Everybody Knows

Jacob Richardson | 8/03/2019

For those expecting a lustful romance, brace yourself; this harrowing Spanish thriller might not be as predictable as you thought. Fast-paced and complex, albeit draped in the kind of sun-drenched beauty one expects from a vineyard setting, Everybody Knows is tense, dramatic and edge-of-your-seat stuff, anchored in resplendent performances from two of the best actors working today. A step above any of the lesser descendants of Taken.


Laura (Penelope Cruz) returns to her hometown outside of Madrid for her sister’s wedding. The high-flying Beunos Aires resident is known to have a rich husband, and during the wedding her daughter is taken. As the family tries to rescue the young girl, secrets are exposed; particularly those concerning her ex-lover Paco (Javier Bardem).


Asghar Farhadi, director of such masterpieces as The Salesman and A Separation revels in the intimate, so a kidnapping thriller might be somewhat unexpected of a choice. Yet Farhadi consistently grounds this piece in the humanity between two increasingly frantic, lost souls, and in doing so this fits right in his wheelhouse.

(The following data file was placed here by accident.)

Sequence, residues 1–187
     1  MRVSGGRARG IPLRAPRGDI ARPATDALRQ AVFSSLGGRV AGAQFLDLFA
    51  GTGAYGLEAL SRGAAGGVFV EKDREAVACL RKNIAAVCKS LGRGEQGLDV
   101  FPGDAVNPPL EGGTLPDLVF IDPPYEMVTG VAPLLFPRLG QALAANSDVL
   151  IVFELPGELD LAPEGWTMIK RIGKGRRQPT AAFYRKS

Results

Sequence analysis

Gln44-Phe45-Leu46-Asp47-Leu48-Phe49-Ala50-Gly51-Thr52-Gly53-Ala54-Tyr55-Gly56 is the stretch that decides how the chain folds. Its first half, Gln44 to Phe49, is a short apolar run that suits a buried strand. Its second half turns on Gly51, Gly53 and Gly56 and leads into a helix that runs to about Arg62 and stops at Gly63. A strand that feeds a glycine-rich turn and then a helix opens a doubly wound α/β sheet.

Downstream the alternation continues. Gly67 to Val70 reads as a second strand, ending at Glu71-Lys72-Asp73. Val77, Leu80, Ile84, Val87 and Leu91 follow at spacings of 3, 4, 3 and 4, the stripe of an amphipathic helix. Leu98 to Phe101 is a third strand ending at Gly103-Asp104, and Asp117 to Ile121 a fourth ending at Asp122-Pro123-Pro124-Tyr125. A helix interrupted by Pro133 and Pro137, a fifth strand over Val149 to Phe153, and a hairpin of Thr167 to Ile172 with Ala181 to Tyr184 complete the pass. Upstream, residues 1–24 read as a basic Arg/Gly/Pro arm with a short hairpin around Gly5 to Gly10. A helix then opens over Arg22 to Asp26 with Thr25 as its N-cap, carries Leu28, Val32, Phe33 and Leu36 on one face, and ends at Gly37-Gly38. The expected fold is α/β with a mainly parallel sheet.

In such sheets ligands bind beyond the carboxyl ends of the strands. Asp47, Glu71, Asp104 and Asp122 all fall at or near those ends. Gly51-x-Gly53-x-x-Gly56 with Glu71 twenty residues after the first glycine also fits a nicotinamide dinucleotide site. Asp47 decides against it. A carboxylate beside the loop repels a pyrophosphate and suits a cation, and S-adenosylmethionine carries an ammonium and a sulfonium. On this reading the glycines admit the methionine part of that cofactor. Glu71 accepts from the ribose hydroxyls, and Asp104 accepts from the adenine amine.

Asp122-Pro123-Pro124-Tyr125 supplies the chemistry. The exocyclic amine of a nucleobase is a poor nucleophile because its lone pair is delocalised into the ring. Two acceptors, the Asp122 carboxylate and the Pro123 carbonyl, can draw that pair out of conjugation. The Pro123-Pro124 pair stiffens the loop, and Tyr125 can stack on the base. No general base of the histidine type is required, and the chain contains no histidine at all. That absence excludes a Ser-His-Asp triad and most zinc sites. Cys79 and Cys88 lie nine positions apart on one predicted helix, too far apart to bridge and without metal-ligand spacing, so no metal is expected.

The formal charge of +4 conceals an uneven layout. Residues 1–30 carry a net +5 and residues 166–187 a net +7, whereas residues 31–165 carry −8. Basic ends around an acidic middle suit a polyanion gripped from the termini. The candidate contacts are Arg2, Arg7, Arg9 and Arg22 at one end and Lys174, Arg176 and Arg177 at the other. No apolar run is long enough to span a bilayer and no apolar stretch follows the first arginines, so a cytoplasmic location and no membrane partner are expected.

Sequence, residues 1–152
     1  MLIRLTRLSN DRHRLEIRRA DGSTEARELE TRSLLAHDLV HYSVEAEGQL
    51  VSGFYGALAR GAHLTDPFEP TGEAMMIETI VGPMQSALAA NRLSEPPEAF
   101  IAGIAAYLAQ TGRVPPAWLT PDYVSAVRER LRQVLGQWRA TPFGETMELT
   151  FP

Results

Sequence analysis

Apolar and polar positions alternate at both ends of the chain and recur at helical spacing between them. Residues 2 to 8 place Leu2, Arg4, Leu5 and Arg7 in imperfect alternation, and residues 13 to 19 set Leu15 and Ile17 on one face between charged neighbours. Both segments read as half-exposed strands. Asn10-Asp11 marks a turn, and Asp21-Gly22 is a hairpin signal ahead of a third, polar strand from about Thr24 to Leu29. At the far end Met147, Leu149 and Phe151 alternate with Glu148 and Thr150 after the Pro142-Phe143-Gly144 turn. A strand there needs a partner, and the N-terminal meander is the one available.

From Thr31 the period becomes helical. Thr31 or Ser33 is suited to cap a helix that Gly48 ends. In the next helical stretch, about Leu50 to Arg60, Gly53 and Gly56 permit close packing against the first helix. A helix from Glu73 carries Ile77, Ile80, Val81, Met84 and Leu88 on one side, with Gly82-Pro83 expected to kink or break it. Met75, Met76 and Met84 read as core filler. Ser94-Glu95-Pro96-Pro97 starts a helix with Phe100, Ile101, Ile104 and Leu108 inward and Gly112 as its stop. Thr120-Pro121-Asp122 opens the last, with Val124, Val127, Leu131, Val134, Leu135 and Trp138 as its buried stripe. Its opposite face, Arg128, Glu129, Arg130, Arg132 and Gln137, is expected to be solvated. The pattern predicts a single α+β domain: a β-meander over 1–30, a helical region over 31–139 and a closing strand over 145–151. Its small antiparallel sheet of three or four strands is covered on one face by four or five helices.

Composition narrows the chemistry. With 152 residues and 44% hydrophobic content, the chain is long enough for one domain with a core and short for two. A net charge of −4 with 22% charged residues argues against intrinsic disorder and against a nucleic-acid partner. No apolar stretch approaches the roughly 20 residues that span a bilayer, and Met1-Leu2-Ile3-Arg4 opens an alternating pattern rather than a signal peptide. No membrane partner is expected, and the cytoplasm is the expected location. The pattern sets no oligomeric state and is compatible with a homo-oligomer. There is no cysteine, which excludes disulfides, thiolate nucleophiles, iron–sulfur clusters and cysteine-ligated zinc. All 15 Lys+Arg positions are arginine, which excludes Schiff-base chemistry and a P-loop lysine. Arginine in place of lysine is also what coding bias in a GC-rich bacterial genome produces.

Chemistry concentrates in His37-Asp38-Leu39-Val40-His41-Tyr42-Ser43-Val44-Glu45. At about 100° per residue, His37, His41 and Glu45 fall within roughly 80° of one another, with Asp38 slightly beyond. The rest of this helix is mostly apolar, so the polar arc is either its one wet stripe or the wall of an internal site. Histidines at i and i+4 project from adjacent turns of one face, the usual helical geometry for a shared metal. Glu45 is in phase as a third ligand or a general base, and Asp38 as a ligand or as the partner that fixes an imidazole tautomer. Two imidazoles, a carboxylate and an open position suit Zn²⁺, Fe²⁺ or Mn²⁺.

Penelope Cruz and Javier Bardem are both spectacular in this tense drama. Bardem has a wounded puppy vibe, conveying the loyalty to his former love that drives Paco forward to do anything necessary to save the girl. Cruz, a bright ray of light early in the film, does a great job as showing the cracked, distraught persona of Laura when her daughter is taken.


It is all set amongst a sea of incredible spanish landscape, captured in a vibrant, effervescent way by Jose Luis Alcaine. This keeps a constant sense of the foreign and new mingled among the tension and drama, and also a bit of longing for times gone by.

The issues with Everybody Knows come about when looking at the timing of the piece. In order to serve the drama, Farhadi slows things down to an almost glacial pace at times. While he undoubtedly manages to maintain the tension, he probably doesn’t manage to create the destructive, harrowing tone he wants to at all times. Indeed, one feels like he was more interested in exploring the relationships amongst family in drama moreso than the core storyline of a kidnapped girl. That is all well and good, but this would have been a more powerful piece if the dramatic impetus was kept obscure and unfocused, and the familial drama took centre stage.


An ultimately satisfying thriller, that although often slow feels tense, dramatic and exciting.